New Delhi: Government is planning to make community participation mandatory during planning and implementation of projects under the Rajiv Awas Yojana (RAY).
In an interaction with reporters at the International Conference on inclusive urban planning here, Housing and Urban Poverty Alleviation minister Ajay Maken said that countries like Brazil had been quite successful at participatory planning.
He said that even in India, it was important that at every stage of planning and development of projects, the views of people should be incorporated and added that the guidelines for the RAY projects would make participatory planning mandatory.
"For the people for whom plans are being made should have their participation at the time of planning, implementation and also during maintenance stage. People for whom the plan is being made should have a say and a greater say. Wherever people have been involved, the plans have been successful but wherever they haven`t the plans have remained only on paper," Maken said.
"Our City Development Plans and Slum Free City Plans, these two plans are related to the subject of our schemes JNNURM and Rajiv Awas Yojana. In the two day workshop, all the national and international experts have suggested that the planning process should be inclusive and have community participation," he told reporters.
Maken said that if people themselves wanted to take a greater part in implementation of projects, it could be considered. He said that the monitoring of such projects could be done through Aadhar cards and biometric data.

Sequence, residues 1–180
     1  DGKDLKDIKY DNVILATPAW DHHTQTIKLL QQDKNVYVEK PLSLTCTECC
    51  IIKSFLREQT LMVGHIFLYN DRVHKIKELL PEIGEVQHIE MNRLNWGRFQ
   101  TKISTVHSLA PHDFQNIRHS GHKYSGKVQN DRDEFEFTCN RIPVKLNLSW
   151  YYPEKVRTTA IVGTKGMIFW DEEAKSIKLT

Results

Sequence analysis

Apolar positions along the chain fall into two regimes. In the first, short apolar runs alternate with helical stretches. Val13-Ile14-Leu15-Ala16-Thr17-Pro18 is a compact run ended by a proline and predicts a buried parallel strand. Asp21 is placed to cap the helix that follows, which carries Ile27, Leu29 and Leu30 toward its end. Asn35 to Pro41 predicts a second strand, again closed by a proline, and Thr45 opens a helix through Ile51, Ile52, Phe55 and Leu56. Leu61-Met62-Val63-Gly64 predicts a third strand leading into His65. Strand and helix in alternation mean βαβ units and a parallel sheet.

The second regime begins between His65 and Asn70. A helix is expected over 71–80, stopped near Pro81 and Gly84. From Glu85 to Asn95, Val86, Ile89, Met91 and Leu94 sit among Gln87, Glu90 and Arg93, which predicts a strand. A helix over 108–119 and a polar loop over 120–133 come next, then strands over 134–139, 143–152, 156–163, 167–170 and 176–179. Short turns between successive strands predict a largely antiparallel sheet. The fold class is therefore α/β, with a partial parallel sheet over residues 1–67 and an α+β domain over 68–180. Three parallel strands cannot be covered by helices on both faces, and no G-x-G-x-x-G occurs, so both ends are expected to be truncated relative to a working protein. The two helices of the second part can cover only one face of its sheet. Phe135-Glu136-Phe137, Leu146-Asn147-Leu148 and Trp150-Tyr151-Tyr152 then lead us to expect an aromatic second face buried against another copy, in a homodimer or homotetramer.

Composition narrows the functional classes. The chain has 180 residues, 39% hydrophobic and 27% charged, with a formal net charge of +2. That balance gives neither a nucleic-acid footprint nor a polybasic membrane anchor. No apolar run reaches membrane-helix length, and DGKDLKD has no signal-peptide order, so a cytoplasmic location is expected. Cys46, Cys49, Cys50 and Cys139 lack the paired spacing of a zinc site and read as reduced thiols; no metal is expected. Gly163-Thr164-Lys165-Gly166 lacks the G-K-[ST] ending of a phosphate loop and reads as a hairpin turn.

Maken also referred to Brazil`s success in improving the conditions of its urban residents by saying that while the South American nation spent 3.69 per cent of its annual GDP on Urban Development, the figure was 0.9 percent in India.
Maken also said that digitisation of land records could help urban local bodies to collect taxes more efficiently. He said that while cities like Bangalore had achieved much progress, others had lagged behind. He said that making land records on-line could also prevent a lot of litigation also.
At the conference, the Delhi Declaration on Inclusive Urban Planning was also adopted. Under the Declaration policymakers and experts from various countries concluded that cities in the developing countries were largely unplanned.
They also concurred that while in percentage terms, the proportion of urban poor is decreasing, in absolute numbers the urban poor and the changing nature of urban poverty presents a significant global policy challenge in terms of the pace, pattern, nature of urbanisation, and urban poverty including the proliferation of slums.
The experts agreed that current development regulations often prescribe high standards and complex procedures of land and infrastructure development which have proven inadequate to meet the needs of the urban poor, while also distorting urban land markets resulting in increasing inequality in cities.
As per the declaration market driven responses in respect of urban lands do not automatically "self-regulate" so the notion that an increase in the demand for urban land for the poor will spur its supply has turned out to be flawed.
The experts, planners and policy makers held that for sustainable urban growth, the inclusion of the poor in the formal planning process is non- negotiable.
The participants affirmed commitment that urban planning, and its related processes must recognise the needs of the poor in terms of their spaces for livelihood, living and working as valid and crucial concerns.
Among other things they held that urban planning should include women, children, the disabled, the aged and other socially disadvantaged groups to ensure that they have equal access to opportunities, infrastructure and services that urban areas offer.